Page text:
Kafez

Literary

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Location: Dublin, Republic of, Ireland

Monday, 23 October 2006

One of the last of my romantic pieces that's part of a larger work.


Still Untitled

by Susan Abraham

They sat together, tight-lipped and silent in a little Mexican cafe on Cromwell road.

They had often visited the tiny coffee bar as a couple. The Spanish girls who worked the weekends knew them well and teased the pair of them, with a slight playfulness. Remarks on how rosy she was looking or the usual tease in case he had changed his mind about sugar in his coffee, were not uncommon.

Of course, he always had his mocha topped with whipped cream and a sprinkling of chocolate rice.

He was strict about his cafe indulgences in that way; she on the other hand, just didn't care.
"A regular Joe" they'd called her. A frothy latte with lots of sprinkly sugar and in a nice medium size ("to have here") if you didn't mind was all she'd asked.

The steamy brew always arrived with its warm welcome, in a comforting cup that was fat and round like Jupiter and carried its signature picture of a robust Mexican hat.

You could see nothing under the hat except for a huge twirly moustache so that the coffee-drinker was forced to assume that there would be a red face lurking somewhere under the big moon of weaved straw.

The moustache appeared to cradle the hat like waves gently rocking a boat.

She thought longingly, of how her magnificent cup could have easily held three slices of a good cherry cake. Still, food was the last thing on her mind right now.

They had quarrelled. And this was the morning after their quarrel.

The Spanish girls were careful to avert their eyes, their beautiful faces cast downwards.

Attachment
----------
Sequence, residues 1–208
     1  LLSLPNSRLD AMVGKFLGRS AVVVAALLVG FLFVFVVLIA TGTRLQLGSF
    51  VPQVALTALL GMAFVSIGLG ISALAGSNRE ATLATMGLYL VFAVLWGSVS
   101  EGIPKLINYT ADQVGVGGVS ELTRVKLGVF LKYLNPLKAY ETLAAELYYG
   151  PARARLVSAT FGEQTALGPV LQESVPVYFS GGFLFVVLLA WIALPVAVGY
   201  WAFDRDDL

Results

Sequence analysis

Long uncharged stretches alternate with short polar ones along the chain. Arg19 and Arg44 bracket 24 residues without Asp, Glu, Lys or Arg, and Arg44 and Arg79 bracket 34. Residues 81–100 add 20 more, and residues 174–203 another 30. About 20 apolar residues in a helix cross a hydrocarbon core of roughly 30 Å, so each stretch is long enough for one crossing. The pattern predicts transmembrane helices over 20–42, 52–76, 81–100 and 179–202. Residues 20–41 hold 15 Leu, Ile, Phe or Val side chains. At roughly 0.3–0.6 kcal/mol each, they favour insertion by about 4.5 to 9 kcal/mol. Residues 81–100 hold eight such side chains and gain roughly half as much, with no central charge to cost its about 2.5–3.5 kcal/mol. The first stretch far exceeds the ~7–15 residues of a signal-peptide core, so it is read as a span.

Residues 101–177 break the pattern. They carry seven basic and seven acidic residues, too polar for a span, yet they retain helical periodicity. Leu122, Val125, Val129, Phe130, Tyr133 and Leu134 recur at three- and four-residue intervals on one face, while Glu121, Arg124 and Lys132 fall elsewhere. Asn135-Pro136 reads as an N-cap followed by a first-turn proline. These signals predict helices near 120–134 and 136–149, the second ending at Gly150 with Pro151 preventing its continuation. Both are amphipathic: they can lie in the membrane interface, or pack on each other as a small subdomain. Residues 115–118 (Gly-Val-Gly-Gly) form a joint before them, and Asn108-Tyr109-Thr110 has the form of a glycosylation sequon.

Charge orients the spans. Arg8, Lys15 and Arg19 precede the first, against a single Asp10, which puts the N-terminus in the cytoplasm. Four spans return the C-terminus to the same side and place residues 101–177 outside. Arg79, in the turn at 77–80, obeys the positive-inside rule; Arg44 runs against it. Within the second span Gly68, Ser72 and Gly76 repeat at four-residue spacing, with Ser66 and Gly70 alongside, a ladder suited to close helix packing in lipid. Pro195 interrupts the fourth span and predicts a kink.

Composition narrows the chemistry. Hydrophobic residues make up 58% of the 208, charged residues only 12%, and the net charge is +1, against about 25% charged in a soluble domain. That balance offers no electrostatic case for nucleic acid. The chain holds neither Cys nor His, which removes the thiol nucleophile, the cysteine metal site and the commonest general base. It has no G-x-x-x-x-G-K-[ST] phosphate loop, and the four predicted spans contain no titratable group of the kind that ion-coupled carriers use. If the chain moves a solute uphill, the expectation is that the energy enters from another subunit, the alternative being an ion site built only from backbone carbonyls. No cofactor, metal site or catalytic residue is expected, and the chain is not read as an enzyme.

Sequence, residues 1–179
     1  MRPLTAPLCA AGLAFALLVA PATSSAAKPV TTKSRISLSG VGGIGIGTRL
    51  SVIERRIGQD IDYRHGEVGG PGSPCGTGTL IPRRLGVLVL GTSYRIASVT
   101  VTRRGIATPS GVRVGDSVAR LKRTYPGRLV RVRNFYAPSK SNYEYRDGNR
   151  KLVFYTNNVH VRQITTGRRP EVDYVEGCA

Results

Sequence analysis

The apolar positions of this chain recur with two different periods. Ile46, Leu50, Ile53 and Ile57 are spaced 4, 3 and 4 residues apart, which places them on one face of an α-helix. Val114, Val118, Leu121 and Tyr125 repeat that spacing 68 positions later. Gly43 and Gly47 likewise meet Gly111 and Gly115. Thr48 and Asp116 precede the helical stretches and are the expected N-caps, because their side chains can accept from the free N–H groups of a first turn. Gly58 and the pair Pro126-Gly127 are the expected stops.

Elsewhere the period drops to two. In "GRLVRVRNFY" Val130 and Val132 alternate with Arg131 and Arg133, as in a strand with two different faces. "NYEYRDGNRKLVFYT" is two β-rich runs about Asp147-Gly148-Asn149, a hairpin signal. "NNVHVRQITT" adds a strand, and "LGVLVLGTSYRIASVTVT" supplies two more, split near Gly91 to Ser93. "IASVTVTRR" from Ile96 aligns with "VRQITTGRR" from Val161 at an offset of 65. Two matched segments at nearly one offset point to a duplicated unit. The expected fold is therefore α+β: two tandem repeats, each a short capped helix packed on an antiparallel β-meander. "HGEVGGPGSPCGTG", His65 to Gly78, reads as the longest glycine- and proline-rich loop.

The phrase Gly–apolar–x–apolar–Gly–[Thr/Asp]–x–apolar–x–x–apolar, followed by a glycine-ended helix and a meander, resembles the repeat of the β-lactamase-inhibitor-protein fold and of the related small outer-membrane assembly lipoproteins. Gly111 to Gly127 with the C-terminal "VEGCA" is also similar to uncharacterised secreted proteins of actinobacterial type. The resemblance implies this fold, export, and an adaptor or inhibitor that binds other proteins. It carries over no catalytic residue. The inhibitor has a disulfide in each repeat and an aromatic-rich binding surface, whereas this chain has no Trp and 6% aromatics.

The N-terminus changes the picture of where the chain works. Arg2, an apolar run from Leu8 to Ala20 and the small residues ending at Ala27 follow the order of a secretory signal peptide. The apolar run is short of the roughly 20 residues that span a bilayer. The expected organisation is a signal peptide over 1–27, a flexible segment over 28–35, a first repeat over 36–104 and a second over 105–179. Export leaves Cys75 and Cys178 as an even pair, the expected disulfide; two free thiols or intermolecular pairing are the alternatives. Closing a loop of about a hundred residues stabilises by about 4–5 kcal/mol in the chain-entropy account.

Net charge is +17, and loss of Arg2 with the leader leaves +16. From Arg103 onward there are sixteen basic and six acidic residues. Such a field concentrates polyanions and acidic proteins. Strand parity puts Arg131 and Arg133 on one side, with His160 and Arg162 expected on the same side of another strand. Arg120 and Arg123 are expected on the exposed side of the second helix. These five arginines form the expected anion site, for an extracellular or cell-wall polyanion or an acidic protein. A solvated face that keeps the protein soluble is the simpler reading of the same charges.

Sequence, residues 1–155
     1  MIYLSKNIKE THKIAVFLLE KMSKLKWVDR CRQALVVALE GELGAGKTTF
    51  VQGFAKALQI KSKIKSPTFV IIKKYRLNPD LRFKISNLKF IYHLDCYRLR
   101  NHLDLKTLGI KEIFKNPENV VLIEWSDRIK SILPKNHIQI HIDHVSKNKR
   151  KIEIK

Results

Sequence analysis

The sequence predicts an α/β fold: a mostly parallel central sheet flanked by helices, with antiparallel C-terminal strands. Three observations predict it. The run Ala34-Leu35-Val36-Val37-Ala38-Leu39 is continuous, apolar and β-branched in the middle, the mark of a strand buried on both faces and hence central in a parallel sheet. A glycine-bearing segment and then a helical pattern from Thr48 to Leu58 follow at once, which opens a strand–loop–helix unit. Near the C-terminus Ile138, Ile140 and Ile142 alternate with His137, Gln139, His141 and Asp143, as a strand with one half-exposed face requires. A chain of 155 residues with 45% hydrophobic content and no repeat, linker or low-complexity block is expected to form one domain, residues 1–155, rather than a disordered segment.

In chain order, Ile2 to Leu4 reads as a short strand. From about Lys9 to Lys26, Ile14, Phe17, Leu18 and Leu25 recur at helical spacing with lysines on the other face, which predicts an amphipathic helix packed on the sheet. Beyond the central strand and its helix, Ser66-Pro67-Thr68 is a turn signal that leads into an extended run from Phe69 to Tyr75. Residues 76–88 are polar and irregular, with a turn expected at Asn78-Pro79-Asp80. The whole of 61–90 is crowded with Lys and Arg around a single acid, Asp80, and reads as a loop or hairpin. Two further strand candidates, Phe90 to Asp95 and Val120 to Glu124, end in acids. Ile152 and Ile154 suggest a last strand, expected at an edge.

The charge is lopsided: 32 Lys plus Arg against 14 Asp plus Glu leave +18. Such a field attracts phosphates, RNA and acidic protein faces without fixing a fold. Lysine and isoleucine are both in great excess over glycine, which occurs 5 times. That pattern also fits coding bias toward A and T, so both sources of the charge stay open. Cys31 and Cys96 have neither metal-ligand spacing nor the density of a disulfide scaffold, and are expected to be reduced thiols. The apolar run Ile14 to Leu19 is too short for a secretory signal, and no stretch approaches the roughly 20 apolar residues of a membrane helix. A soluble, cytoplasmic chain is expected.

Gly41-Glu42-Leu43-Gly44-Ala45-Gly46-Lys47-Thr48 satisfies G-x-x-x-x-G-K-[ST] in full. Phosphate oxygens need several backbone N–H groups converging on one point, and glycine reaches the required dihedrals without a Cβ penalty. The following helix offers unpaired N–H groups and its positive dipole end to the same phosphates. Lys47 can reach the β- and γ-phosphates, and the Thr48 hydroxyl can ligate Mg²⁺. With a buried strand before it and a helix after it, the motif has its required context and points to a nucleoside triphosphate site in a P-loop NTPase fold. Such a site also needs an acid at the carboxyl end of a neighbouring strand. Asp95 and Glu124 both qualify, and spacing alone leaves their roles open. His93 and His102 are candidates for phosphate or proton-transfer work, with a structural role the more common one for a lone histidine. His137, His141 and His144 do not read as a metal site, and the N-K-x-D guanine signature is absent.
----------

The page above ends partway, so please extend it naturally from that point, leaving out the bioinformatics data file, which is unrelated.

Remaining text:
Perhaps they had quarrelled long enough. She couldn't tell. She had become a little absent-minded lately about what the future held or even what was more apparent, about her recent habit of misplacing and forgetting things.

Like their valuable tickets to the Coldplay concert yesterday and for the first time, deluded by her "tiresome weaknesses" as he called them, he had shouted at her in front of everyone at the Wembley arena.

She had stalked off, her face a flaming red, but knowing very well that what he had alleged was true. She had playacted 'the absent-minded professor' about many things lately; her passport to a holiday in Spain, misplaced in another bag just as they were about to board the plane and more recently, paying for something twice over.

Once she had whipped out her Boots discount card and presented it together with a tiny shampoo at the sales counter, only to be asked again, with some awkwardness, for her cash. The last time she bought stamps, she had walked away without paying and had to be called back.

And she had even forgotten that it was her turn in the queue to pay for a train ticket. She came to her senses, after being gently cajoled on the shoulder by an amused stranger.

Of course, it was all too embarassing for words.

Perhaps it was just a phase. Perhaps she was getting a little old, no... Perhaps she needed to see a doctor. Last night, for the first time, they had slept in different rooms.

Now he turned his gaze away from her. She had to learn her lesson, he felt and made it his ambition to sulk the whole morning. There was no choice for it. He had spoilt her enough and this nasty habit had worsened. Now, he would have to play the cold fish and the next time, perhaps, she would remember what he considered to be, the important things of life a little better.

Of course, he wasn't going to leave her. Women! The first shouting match and they think you're made of such flimsy skin, you're going to pack your bags and dash off into the night air.

And he knew exactly how her mind worked or rather, what he thought wryly, was still left of it.

Determined to forget the pain of last night, she pretended not to notice and made a light-hearted banter about his good looks. He appeared not to hear and looked the other way, suddenly staring hard at an old walled picture of Christ with the Sacred Heart. She sighed.

He could be moody for weeks if she let this go.

She would have to come to some intelligent shortcut in the next few minutes on how to revive her hard-earned romance. Before it did a turnaround, that is and fled into the darkness where the coldness and the silence were great friends.

She couldn't lose him after everything and bent her head quickly in deep thought.

The unsuspecting aroma of a breakfast coffee that was still so sweet on the senses, lingered as if to offer her support.She tried a little sip with relish but it was all she could do not to break down in another flood of tears....


Picture credit goes to: Cat-Tea Clips

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